"It is important to know that supplements are not regulated like medication or food are," said Osteen. "You can be getting questionable substances and amounts from them."
She said taking supplements can help one elevate performance to pass a PT test, but adds that the supplements many are using are not recommended to be used at all because of the dangerous and potential deadly side effects they can cause. In addition, legal ramifications may results, depending on what products are used.
Instead of relying on supplements and enhancers, Klinkner recommends shopping for natural foods in the grocery store.
"When you do your grocery shopping, if you can stay on the outside aisles of the grocery store -- if that's where the primary and majority of your food purchases come from - you're good to go," said Klinkner. "That's where all the healthy and fresh food is (located)."
Klinkner added that if one starts getting into the processed food areas of the store, the health value of those foods is significantly less or nonexistent.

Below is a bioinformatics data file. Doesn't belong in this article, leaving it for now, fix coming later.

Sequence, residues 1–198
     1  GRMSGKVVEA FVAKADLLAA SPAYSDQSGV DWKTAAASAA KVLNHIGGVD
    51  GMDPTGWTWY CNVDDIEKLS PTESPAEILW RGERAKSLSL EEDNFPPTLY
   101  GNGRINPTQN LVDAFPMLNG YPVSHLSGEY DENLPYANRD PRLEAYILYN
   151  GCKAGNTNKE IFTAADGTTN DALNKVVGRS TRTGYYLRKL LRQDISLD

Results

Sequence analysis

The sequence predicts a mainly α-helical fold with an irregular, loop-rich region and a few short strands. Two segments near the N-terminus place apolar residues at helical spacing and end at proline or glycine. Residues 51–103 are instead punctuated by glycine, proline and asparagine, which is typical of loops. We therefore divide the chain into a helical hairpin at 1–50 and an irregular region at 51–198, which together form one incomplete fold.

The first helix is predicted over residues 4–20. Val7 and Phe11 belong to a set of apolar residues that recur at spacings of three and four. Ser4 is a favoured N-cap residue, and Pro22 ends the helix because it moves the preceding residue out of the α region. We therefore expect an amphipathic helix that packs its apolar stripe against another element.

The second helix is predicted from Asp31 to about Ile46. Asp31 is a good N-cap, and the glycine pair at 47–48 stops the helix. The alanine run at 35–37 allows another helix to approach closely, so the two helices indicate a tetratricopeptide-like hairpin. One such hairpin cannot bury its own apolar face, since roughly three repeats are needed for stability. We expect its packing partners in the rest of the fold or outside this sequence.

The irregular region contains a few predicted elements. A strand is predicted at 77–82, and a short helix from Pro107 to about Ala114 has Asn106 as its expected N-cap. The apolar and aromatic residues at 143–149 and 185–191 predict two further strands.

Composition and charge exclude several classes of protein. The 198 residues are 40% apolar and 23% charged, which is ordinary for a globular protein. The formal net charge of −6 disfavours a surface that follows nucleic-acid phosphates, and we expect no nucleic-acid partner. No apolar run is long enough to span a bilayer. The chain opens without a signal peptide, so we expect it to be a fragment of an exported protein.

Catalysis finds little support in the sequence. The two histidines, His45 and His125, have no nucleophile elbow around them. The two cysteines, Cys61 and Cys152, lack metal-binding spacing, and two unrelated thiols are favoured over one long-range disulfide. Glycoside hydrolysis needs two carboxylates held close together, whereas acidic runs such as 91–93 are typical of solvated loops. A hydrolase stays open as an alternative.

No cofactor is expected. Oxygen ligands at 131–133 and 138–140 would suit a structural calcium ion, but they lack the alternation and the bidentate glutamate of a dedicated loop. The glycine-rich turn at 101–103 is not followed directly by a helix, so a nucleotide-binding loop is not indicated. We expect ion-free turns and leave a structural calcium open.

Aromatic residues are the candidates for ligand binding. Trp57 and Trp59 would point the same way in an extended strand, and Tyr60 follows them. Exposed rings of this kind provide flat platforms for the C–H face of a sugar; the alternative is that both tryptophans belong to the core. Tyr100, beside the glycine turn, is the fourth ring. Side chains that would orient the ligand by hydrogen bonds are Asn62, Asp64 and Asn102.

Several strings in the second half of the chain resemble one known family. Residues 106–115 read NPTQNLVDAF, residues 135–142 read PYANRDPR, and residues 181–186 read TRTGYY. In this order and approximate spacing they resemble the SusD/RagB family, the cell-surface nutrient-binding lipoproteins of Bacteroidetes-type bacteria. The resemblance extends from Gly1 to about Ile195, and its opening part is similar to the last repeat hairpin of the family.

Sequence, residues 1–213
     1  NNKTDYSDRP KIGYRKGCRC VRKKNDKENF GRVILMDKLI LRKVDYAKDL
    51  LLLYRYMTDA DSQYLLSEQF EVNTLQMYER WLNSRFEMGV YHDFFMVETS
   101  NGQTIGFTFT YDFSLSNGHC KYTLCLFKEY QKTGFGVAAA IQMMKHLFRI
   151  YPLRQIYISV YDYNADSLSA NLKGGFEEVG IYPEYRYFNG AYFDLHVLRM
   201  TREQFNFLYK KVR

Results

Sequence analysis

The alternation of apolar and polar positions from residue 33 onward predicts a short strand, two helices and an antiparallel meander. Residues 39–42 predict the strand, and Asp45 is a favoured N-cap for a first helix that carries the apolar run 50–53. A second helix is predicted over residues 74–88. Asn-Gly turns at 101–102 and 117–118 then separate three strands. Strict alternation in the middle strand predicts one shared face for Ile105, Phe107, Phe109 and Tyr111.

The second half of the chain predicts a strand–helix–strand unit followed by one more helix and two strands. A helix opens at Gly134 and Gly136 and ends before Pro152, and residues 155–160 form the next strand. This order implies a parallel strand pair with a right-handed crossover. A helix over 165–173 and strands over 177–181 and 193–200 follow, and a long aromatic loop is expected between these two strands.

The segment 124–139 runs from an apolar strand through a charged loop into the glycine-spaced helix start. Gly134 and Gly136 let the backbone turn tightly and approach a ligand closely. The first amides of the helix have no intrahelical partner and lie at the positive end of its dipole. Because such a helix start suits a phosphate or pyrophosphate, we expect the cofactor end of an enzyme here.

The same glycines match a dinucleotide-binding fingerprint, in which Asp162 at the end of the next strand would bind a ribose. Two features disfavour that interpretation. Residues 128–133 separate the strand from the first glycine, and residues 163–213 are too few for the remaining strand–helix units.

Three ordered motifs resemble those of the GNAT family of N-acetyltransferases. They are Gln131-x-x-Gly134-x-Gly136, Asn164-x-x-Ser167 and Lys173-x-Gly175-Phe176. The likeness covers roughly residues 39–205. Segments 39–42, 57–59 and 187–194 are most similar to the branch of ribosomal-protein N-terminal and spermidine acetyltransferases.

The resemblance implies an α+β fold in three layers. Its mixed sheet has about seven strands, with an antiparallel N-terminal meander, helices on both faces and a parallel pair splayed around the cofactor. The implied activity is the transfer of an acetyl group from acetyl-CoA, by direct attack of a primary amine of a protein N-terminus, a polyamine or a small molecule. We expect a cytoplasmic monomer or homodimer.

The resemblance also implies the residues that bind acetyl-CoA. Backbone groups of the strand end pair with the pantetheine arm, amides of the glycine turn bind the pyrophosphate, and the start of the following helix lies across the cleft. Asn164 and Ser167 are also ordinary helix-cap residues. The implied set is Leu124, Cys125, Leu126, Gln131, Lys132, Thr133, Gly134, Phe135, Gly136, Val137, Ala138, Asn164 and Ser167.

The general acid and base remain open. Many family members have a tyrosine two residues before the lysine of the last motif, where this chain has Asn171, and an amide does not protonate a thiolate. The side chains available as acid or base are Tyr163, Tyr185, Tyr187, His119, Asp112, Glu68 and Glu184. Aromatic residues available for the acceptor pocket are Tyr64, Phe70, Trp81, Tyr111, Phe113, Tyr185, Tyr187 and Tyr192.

"Foods with partially-hydrogenated oils are very difficult for your body to break down and it's not natural," said Klinkner.
Osteen said that every person differs on how much they should consume based on height, weight, age, body composition, activity level, if they have any health problems, and if they are trying to lose, gain or maintain their weight. Lyster Army Health Clinic patients can visit the nutrition care clinic Mondays through Fridays from 7:30-8 a.m. to have a basic assessment done to determine how much they should be consuming.
The clinic also offers individual and group appointments to assess and treat Soldiers, retirees and Family members who have diseases that include nutrition as part of the treatment plan. This includes, but is not limited to, diabetes, heart disease, kidney diseases, Crohn's disease, Celiac, gastrointestinal disorders, nutrient deficiencies, cancer, underweight, feeding and swallowing problems, eating disorders, tube feeding and obesity. The clinic also performs metabolic testing for patients as well as provide general classes on healthy cooking and food shopping.
Many Soldiers know it is an obligation to take care of themselves physically to execute their mission, and this includes fueling the body properly. This is an obligation owed to the nation and anybody else one cares about.
"If the body doesn't have the right fuel up to several days prior to an event," said Osteen, "it will not be able to function the way it needs to in order to perform to the best it is capable of performing."